A simple solid state technique for electrochemical micromachining of metal substrates using a metal ion conductor (Na-β″-Al2O3) was proposed. The fundamental solid electrochemical cell consists of a (anode) metal substrate (M = Ag, Cu, Zn, and Pb)/pyramidal Na-β″-Al2O3/Ag (cathode) system, where the contact diameter between M/Na-β″-Al2O3 was extremely small, on the order of a few micrometer. Under an applied electric field, the metal substrate was electrochemically oxidized to metal ions (Mn+) at the M/Na-β″-Al2O3 microcontact. These Mn+ ions migrated into the Na-β″-Al2O3. As a result of continuous electrolysis, the metal substrate was locally consumed at the microcontact, and thus solid state electrochemical micromachining was accomplished. As expected, the machining size or depth depended on the electrolysis conditions (current, operating time) and the apex configuration of pyramidal Na-β″-Al2O3. Moreover, the scanning of the Na-β″-Al2O3 pyramid during electrolysis produced a fine patterned metal substrate. In the present paper, solid state electrochemical micromachining was performed for several metal substrates, and its advantages and disadvantages vis-a-vis the conventional electrochemical micromachining method are discussed in detail.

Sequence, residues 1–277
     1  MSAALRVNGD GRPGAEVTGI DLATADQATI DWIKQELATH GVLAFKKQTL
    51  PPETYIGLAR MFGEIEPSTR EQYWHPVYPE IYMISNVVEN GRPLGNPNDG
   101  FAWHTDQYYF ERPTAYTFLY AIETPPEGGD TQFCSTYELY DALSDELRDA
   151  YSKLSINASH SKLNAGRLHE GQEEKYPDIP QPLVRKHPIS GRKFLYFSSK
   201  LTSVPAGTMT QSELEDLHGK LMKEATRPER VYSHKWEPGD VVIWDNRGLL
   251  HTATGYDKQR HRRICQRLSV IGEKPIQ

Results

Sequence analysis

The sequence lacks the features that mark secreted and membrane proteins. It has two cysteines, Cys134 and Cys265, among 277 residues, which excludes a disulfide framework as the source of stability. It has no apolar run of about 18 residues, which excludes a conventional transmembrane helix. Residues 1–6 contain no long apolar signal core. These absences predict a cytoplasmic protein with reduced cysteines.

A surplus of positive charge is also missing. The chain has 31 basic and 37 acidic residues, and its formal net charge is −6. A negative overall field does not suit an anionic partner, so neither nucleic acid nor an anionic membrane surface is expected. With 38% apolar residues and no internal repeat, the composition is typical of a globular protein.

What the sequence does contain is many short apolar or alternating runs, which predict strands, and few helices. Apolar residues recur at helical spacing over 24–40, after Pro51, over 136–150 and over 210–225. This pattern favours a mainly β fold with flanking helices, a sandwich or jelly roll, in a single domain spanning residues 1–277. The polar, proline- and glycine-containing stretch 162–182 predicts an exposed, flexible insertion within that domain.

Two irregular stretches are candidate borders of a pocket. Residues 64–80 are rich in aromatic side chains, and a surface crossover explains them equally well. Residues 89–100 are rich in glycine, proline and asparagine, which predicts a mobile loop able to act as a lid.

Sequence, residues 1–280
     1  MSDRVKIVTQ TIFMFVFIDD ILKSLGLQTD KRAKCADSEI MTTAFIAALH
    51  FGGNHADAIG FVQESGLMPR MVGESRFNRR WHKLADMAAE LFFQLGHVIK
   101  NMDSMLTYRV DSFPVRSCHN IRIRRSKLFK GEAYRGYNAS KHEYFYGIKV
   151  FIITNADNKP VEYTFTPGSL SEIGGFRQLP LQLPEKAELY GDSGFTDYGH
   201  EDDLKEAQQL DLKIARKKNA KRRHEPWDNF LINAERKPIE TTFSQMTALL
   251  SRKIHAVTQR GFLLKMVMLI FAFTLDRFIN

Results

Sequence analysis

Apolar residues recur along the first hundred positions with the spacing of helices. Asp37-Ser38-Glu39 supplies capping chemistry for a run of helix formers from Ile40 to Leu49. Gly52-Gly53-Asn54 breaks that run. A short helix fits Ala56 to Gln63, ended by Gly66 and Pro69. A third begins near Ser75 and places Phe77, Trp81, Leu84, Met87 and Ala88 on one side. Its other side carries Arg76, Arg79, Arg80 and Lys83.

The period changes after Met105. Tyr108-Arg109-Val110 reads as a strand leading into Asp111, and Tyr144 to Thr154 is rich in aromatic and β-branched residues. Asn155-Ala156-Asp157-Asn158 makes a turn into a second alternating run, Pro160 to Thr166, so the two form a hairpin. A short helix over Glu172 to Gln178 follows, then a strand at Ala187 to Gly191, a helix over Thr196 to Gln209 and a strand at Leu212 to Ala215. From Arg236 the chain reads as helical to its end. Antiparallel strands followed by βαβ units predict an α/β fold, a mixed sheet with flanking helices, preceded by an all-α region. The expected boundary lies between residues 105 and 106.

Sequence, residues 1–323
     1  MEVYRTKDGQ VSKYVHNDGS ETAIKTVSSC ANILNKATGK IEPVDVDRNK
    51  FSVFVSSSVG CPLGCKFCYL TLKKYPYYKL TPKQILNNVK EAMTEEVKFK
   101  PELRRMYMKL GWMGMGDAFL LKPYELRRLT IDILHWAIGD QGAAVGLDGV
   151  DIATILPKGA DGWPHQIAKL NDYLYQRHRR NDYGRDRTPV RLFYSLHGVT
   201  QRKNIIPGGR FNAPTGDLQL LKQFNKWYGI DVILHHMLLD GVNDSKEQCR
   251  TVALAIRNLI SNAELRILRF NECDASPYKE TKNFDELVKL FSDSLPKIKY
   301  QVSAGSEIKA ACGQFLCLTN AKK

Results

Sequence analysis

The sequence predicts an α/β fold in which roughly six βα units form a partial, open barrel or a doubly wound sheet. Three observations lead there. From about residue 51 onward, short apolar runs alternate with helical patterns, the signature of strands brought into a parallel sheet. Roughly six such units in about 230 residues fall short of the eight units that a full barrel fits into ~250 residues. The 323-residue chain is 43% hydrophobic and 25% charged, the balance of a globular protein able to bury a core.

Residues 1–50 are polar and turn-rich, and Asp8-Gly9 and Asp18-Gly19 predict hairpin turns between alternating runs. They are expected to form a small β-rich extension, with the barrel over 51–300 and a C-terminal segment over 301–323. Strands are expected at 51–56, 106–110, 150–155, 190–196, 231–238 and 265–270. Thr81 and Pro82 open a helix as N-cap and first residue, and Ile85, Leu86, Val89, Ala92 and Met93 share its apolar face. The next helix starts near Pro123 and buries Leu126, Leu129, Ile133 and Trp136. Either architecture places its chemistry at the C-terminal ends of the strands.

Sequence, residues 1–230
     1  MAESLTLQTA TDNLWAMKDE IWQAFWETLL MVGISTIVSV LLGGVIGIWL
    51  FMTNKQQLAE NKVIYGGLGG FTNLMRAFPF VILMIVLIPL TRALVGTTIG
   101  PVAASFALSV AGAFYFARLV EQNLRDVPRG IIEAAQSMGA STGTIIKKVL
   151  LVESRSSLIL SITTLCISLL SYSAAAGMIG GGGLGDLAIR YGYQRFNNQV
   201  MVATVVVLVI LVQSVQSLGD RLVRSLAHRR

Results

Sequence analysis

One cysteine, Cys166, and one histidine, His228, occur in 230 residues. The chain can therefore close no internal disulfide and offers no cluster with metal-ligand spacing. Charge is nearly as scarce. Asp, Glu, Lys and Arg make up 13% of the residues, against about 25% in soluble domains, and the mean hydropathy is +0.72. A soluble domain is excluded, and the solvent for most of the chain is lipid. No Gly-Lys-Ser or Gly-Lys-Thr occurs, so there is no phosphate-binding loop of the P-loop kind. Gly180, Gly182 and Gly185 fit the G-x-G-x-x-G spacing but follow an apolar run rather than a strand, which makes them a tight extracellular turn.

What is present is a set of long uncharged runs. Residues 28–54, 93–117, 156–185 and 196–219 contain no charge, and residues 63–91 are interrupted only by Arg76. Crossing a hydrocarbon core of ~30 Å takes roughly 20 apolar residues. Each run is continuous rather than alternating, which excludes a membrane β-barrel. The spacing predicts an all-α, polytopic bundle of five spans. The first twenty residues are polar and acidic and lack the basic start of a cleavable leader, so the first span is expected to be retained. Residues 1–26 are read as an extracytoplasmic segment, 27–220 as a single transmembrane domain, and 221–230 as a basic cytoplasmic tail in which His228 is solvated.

All Science Journal Classification (ASJC) codes
- Chemical Engineering(all)